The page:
No, the fish on this reality show do not attack you – so don’t expect the iconic Jaws tune that accompanies an impending shark attack.

Wicked Tuna explores how skilled fishermen brave the freezing icy waters of the North Atlantic to find the rare bluefin tuna fish – the ones you enjoy in delicious sushi dishes. With a whopping eight seasons under its belt, Wicked Tuna returns for its ninth season and we’ve rounded up four great reasons to tune in.

Four epic reasons to watch season 9:

  1. The season kicks off with a literal war on the water. While we know and understand how dangerous and stressful the tuna business is, no one expects the different fleets to fight it out. The Gloucester fleet defend their home turf when new boats try their best to take over the competition. Will it work? Tune in to find out.
  2. Contrary to popular belief, the fishermen on Wicked Tuna aren’t pillaging the oceans, they truly do maintain and encourage responsible fishing and support the consumption of sustainable seafood. Captain David C. Marciano, who’s been in the industry for over 30 years, in a recent interview said: “I think people think that we're out there like we're some sort of Vikings, you know, just pillaging and taking what we want without any consideration for the future of the fish stocks. And that's the furthest thing from the truth. These days we have very sustainable and well-managed fisheries and that's because fishermen do care.”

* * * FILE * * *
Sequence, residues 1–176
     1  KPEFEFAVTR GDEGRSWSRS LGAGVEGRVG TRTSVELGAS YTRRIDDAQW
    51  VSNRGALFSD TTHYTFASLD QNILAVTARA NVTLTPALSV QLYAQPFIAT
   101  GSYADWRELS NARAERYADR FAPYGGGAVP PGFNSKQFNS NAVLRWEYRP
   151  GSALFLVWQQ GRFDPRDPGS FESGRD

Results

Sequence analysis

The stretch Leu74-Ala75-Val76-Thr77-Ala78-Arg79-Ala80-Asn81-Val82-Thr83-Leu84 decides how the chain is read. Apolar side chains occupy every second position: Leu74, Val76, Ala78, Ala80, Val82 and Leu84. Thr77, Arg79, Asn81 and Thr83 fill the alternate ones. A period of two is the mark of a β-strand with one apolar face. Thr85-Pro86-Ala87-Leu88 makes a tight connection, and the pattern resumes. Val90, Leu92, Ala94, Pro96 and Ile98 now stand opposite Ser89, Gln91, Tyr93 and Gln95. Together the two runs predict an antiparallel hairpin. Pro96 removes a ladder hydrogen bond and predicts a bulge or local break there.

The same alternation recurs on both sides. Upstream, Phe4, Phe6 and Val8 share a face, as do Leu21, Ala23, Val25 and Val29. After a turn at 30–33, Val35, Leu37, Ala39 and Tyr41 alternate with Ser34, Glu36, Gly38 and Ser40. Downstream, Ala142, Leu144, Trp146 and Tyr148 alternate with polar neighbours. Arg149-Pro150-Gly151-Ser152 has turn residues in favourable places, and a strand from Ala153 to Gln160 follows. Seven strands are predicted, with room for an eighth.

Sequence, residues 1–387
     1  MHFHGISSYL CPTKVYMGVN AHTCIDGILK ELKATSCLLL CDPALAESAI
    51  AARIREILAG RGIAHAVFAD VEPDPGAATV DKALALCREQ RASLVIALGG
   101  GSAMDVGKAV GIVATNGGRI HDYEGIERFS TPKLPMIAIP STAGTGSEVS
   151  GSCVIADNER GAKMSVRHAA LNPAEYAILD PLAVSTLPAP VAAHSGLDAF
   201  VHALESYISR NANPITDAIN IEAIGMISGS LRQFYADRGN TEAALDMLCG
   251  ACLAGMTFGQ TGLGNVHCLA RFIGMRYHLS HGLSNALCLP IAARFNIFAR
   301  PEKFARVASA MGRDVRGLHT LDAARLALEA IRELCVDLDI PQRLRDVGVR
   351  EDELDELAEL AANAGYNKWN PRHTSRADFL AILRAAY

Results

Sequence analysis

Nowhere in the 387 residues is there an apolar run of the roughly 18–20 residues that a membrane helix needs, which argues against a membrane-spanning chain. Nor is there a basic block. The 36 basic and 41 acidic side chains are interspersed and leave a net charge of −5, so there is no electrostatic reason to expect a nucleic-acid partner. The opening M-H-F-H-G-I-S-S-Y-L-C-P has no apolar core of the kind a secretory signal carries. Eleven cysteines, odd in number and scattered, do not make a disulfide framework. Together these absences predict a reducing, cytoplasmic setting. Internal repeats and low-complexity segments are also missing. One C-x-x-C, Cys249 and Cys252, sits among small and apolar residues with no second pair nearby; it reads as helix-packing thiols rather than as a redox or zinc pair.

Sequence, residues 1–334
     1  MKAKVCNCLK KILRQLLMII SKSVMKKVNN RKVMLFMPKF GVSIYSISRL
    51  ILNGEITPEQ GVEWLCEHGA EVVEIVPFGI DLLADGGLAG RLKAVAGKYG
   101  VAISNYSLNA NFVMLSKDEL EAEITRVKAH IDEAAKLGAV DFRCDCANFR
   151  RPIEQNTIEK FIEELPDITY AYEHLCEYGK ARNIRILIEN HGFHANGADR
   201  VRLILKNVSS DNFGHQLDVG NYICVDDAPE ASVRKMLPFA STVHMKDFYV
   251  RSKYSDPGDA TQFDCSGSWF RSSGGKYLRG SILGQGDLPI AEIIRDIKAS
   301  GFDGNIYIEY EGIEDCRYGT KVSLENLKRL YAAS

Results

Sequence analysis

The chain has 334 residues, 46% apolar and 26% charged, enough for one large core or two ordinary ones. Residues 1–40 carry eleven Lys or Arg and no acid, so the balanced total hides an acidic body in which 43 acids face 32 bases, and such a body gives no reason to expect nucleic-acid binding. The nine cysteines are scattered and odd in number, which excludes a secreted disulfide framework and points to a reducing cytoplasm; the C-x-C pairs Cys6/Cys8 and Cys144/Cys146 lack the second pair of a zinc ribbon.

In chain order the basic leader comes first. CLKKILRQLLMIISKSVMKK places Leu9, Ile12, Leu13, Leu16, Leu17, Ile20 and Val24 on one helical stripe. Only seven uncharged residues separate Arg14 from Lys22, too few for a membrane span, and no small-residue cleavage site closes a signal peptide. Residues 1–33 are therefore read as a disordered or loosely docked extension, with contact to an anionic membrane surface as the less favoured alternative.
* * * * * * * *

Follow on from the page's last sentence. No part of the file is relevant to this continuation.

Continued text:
3. They really do care about the ocean and have paid special attention to its changes. Captain David recalls how he was told by older fishermen about the state of the oceans back then and the amounts and different kinds of fish you would see. But like all things, it different back then as there were no rules or regulations regarding fishing. “Well, there was still ocean dumping. That was common practice back then to society. Now, we've watched people's attitudes change about that, and the planet, and the ocean.”
  4. America accounts for only about 5 % of the world’s bluefin tuna catch and more than half of this is exported to Japan. In fact, most of the world’s bluefin tuna goes to Japan, where the Japanese use the fish for the highest grade of sashimi. Fun fact: In 2013, Japan restaurant chain owner Kiyoshi Kimura (affectionately called the Tuna King) paid $1.76 million (R28 million) for a tuna that weighed 489 pounds (221 kgs) at the Tsukiji fish market in Tokyo. While this was a record-breaking deal in itself, the Tuna King beat his own record last year by spending a whopping $3.18 million (R51 million).

Wicked Tuna S9 starts on Monday 6 April on National Geographic (181) at 20:00

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